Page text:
A Nevada judge ruled Thursday that political parties will be allowed to choose their nominees in the 2nd district special election, overturning an earlier decision that would have allowed an all-party free-for-all.
Carson City District Judge James Todd Russell ruled in favor of the state GOP, which went to court to argue that only candidates nominated by the parties’ central committees should be allowed to run in the Sept. 13 special election to fill now-Sen. Dean Heller’s (R) seat. Nevada Secretary of State Ross Miller (D) had ruled earlier that the contest would be an all-party, winner-take-all election — a format he called a “battle royale.”
Russell’s ruling, which is likely to be appealed, gives the parties until June 30 to nominate their candidates for the special election. It also boosts GOP prospects of holding the district, which was almost evenly split between President Barack Obama and Sen. John McCain (R-Ariz.) in the 2008 presidential election but leans Republican on the local level.
Thursday’s decision appears to give Nevada Republican Party Chairman Mark Amodei the inside track to becoming the GOP nominee. It also deals a major blow to former Senate candidate Sharron Angle, who has already announced she is seeking the 2nd district seat. Angle, who lost to Sen. Harry Reid (D) in 2010, does not have strong support within the state party apparatus, and it has been made clear that GOP leaders would not pick her as their nominee.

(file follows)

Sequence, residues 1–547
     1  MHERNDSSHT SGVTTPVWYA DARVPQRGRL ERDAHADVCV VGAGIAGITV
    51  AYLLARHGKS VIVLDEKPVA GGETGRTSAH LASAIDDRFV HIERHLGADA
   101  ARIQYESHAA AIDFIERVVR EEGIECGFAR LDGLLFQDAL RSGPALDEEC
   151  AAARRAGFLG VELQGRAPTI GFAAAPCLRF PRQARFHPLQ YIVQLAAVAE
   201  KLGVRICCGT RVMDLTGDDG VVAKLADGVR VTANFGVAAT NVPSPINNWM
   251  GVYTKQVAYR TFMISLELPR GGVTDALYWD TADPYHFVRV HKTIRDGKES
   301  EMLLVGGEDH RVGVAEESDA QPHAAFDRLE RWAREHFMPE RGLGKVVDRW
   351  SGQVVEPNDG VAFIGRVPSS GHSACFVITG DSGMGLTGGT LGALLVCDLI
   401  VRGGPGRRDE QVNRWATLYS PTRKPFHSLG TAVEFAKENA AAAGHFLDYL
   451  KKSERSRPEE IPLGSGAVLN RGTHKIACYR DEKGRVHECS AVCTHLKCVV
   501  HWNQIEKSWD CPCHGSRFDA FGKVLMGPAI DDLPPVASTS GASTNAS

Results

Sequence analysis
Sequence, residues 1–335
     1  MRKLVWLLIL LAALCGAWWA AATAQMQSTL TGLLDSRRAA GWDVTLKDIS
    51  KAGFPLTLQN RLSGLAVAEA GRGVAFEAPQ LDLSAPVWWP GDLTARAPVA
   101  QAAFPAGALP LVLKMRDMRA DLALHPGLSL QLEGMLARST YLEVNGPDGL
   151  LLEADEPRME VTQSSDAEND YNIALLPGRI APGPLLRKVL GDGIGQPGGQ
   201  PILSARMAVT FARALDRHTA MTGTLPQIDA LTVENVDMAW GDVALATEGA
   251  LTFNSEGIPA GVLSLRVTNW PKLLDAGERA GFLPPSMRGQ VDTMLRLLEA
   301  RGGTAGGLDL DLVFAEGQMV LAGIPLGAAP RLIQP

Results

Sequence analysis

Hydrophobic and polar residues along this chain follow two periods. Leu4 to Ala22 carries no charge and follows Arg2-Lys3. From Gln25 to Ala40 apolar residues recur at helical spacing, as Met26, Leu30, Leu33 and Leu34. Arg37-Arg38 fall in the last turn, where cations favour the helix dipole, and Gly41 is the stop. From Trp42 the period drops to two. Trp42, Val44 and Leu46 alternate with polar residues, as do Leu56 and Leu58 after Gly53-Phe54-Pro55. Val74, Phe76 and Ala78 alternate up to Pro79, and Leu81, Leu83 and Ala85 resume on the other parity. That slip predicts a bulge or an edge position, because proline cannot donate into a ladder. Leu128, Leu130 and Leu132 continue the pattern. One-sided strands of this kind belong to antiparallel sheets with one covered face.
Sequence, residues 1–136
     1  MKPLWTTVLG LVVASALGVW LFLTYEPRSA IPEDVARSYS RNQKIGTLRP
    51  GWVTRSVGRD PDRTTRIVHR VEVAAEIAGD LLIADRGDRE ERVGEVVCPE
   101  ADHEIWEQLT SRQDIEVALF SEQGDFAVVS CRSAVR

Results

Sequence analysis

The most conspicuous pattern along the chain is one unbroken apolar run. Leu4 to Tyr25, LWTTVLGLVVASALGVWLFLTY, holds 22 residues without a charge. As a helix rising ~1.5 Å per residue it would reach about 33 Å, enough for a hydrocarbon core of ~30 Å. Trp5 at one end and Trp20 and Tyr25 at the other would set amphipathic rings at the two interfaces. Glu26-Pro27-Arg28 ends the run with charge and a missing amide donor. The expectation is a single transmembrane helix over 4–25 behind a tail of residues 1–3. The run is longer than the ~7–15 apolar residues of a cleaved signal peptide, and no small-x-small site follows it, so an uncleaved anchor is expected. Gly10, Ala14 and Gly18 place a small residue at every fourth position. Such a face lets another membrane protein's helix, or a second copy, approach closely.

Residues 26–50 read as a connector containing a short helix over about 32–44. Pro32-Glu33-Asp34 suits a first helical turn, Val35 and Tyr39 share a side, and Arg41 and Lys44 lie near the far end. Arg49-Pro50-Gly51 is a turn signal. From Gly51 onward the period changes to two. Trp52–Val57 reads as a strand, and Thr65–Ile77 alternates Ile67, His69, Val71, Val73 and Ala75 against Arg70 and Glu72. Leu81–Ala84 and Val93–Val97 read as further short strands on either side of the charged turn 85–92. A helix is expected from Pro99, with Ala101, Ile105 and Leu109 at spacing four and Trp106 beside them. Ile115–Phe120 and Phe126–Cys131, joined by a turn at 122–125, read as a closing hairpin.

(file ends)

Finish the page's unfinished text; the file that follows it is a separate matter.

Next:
Amodei, as the state party chairman, does have close relationships with the central committee members who will pick the nominee. In addition to Amodei and Angle, retired Navy Cmdr. Kirk Lippold and state Sen. Greg Brower are also running as Republicans in the special election.
Among Democrats, state Treasurer Kate Marshall is viewed as the strongest contender and becomes the favorite to be tapped by party leaders. Former House candidates Jill Derby and Nancy Price are the other Democrats running in the special.
Heller, who was first elected to the House in 2006, was appointed to succeed Sen. John Ensign (R), who resigned earlier this month.
Hillary Rodham Clinton, center, along with former Secretary of State Madeleine Albright, right, and Annette Tilleman-Dick, left, wife for former Rep. Tom Lanots, D-Calif. Clinton was honored with the Tom Lantos Human Rights Prize during a ceremony last week at the Cannon House Office Building. Previous winners include the Dalai Lama and Elie Wiesel.
Each year since 1990, CQ Roll Call has reviewed the financial disclosures of all 541 senators, representatives and delegates to determine the 50 richest members of Congress. This year's report, derived from forms covering the calendar year 2012, shows it took a net worth of $6.67 million to crack the exclusive club.